- Disagreements – One of the most obvious disadvantages of partnership is the danger of disagreements between the partners. Obviously people are likely to have different ideas on how the business should be run, who should be doing what and what the best interests of the business are. This can lead to disagreements and disputes which might not only harm the business, but also the relationship of those involved. This is why it is always advisable to draft a deed of partnership during the formation period to ensure that everyone is aware of what procedures will be in place in case of disagreement and what will happen if the partnership is dissolved.
- Agreement – Because the partnership is jointly run, it is necessary that all the partners agree with things that are being done. This means that in some circumstances there are less freedoms with regards to the management of the business. Especially compared to sole traders. However, there is still more flexibility than with limited companies where the directors must bow to the will of the members (shareholders).
- Liability – Ordinary Partnerships are subject to unlimited liability, which means that each of the partners shares the liability and financial risks of the business. Which can be off putting for some people. This can be countered by the formation of a limited liability partnership, which benefits from the advantages of limited liability granted to limited companies, while still taking advantage of the flexibility of the partnership model.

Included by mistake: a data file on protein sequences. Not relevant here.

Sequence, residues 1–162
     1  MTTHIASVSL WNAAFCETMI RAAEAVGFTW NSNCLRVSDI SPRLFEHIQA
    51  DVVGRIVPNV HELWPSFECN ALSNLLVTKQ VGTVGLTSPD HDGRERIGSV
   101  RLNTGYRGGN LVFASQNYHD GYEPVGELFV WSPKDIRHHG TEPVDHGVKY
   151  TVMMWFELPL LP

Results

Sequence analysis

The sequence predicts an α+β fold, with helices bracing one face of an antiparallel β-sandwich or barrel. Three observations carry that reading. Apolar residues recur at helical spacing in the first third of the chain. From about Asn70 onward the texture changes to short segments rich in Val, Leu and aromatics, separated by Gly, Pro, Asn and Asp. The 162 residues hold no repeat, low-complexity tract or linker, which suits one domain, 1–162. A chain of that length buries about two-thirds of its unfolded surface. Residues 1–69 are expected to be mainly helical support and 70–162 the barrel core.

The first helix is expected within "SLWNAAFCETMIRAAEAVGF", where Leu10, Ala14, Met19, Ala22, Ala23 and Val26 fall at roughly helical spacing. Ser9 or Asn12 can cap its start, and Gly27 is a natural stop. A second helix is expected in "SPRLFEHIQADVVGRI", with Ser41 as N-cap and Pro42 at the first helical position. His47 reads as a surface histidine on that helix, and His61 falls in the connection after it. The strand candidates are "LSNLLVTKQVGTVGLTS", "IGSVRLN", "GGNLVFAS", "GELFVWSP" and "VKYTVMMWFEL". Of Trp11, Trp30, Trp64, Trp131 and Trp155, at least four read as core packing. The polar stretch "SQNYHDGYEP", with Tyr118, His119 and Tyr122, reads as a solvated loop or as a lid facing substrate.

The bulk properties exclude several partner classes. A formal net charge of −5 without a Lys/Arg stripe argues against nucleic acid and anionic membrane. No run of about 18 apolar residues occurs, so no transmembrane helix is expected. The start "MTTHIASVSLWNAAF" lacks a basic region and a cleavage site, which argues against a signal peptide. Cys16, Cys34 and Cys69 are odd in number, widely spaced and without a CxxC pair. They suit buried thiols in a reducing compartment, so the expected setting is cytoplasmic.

- Taxation – One of the major disadvantages of partnership, taxation laws mean that partners must pay tax in the same way as sole traders, each submitting a Self Assessment tax return each year. They are also required to register as self employed with HM Revenue & Customs. The current laws mean that if the partnership (and the partners) bring in more than a certain level, then they are subject to greater levels of personal taxation than they would be in a limited company. This means that in most cases setting up a limited company would be more beneficial as the taxation laws are more favourable (see our article on the Advantages and Disadvantages of a Limited Company).
- Profit Sharing – Partners share the profits equally. This can lead to inconsistency where one or more partners aren’t putting a fair share of effort into the running or management of the business, but still reaping the rewards.
As you can see, there are several advantages and disadvantages of partnership in terms of a business undertaking. The two main disadvantages are the levels of taxation and the liability. The latter being negated by the ability to form a Limited Liability Partnership (a type of body only available since 2000). The Company Warehouse has a Limited Liability Partnership formation service that we have been running for a number of years, helping people set up their new partnerships. Our specialist team have a good working knowledge of the law and the current advantages of partnership over the other legal forms of business. So they can advise you on the best choice for your new enterprise.
If you decide that setting up a partnership isn’t for you, don’t forget we are currently running a limited time offer of FREE Limited Company Formation, there are many benefits of limited companies so it is worth giving some thought before you decide. Feel free to contact a member of our team for free on 0800 0828 727 for further guidance.